Home wine deliveries come a step closer in Pennsylvania
By Frank Sluzis of Scaringi Law posted in Liquor License Law on Friday, July 31, 2015.
A revolution is happening all across the food and beverage industry. So-called "foodies" rule, and the emphasis is on locally crafted products that can be traced right to their source. One can see this in the proliferation of farm-to-table restaurants, burgeoning microbreweries and, yes, in the growing number of wineries springing up across the country.
In order to thrive, many mini-wineries have turned to the Internet, which has re-written the rules of retail when it comes to marketing, selling and distributing locally made wine on a national scale.
But Pennsylvania, with its restrictive rules on alcohol sales, has remained largely on the sidelines when it comes to allowing direct-order wine distribution. The Keystone State has kept up its resistance even in the face of a U.S. Supreme Court ruling in 2005 that made it unlawful for states to disallow the flow of out-of-state wine across their borders.
Pennsylvania has never fully complied with the high court ruling. As a result, some 19 states that feel that their wineries are blocked from selling in Pennsylvania have returned the favor by holding up wine imports from the commonwealth. This is hurting wine lovers and local wineries alike.
Enter newly amended state House Bill 189, which may finally free up direct-order wines sales into and out of Pennsylvania. The legislation has cleared the Senate and is back in the House for final consideration.
Wine, delivered to your door
The modified HB 189 would create a direct wine shippers license that could be obtained by virtually any U.S. winery on a one-year renewable basis, with a $100 application fee.
To qualify, the out-of-state winery must supply copies of its state license and must obtain a Pennsylvania tax license so that the appropriate state sales tax is collected and remitted on every bottle.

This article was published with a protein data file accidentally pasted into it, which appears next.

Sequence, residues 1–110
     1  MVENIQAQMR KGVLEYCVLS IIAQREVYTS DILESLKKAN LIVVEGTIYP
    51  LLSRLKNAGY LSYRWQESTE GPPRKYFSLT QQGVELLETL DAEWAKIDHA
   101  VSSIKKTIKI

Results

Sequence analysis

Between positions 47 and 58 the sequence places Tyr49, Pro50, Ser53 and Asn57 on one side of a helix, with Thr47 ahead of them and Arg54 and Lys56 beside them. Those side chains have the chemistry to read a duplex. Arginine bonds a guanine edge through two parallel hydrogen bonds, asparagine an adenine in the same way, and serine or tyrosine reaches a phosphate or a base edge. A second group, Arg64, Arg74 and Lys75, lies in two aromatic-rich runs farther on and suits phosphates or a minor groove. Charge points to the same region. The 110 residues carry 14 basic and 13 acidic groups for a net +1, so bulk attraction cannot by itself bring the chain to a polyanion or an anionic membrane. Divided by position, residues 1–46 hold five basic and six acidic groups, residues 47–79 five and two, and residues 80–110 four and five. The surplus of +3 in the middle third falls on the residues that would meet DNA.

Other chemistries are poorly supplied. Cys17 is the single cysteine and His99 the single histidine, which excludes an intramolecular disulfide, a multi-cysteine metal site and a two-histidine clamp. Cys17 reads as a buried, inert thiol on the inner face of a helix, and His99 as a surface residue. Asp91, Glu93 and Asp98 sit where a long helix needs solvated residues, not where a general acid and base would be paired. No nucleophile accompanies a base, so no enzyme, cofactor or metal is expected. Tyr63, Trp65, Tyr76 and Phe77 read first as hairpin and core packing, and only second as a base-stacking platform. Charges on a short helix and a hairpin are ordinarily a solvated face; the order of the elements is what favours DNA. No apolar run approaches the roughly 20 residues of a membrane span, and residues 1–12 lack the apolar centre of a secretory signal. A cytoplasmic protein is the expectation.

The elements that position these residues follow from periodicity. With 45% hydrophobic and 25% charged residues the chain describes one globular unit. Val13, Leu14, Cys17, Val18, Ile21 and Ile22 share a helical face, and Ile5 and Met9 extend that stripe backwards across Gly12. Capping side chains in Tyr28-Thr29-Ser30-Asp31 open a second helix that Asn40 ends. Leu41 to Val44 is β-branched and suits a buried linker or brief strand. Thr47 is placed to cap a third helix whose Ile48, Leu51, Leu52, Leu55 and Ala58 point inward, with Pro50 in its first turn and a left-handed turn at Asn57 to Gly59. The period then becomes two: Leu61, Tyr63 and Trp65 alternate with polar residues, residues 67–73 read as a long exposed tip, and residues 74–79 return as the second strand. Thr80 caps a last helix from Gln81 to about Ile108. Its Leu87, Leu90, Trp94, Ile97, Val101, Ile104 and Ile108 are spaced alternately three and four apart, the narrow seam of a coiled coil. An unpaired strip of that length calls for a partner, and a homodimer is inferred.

Once these hurdles are cleared, the newly licensed out-of-state winery would be free to ship its bottles directly to Pennsylvania consumers. Gone would be the current and complicated compromise of having designated out-of-state wineries ship to local state stores, where customers must come and pick up the bottles.
Also under the current system, Pennsylvania piled on the 18 percent "Johnstown Flood tax" to every out-of-state shipment and purchase. Under the proposed system, that would be replaced by a $1-per-gallon excise tax, a rate in line with the 72-cent national average for such levies.
If passed, the legislation would put Pennsylvania in good standing among the growing community of state wine producers, putting an end to the cold shoulder other states have been giving to Pennsylvania-produced wine. The result should be a freer flow of wine back and forth across state lines.
When the wine arrives ...
For the wine lover, it means the sampling size would expand to include many more micro-wineries across the country. But when that package comes to your door from an out-of-state winery, there would be some added rules under the current version of HB 189.
For starters, the box must be specially labeled as containing alcohol, and the package must be signed for by someone age 21 or over. What is more, the imported wine must be for personal use only. Any reselling would be strictly prohibited and punishable by a misdemeanor charge and a $400 fine.
Still, this would amount to another major reform, continuing the trend of loosening the state liquor code for the 21st century.
As former chief prosecutor for the PLCB's Nuisance Bar program and past assistant counsel to the PLCB attorney, Frank C. Sluzis of Scaringi Law is among Pennsylvania's leading experts in representing the interests of alcohol-serving establishments. He can be reached at 877-LAW-2555 or firstname.lastname@example.org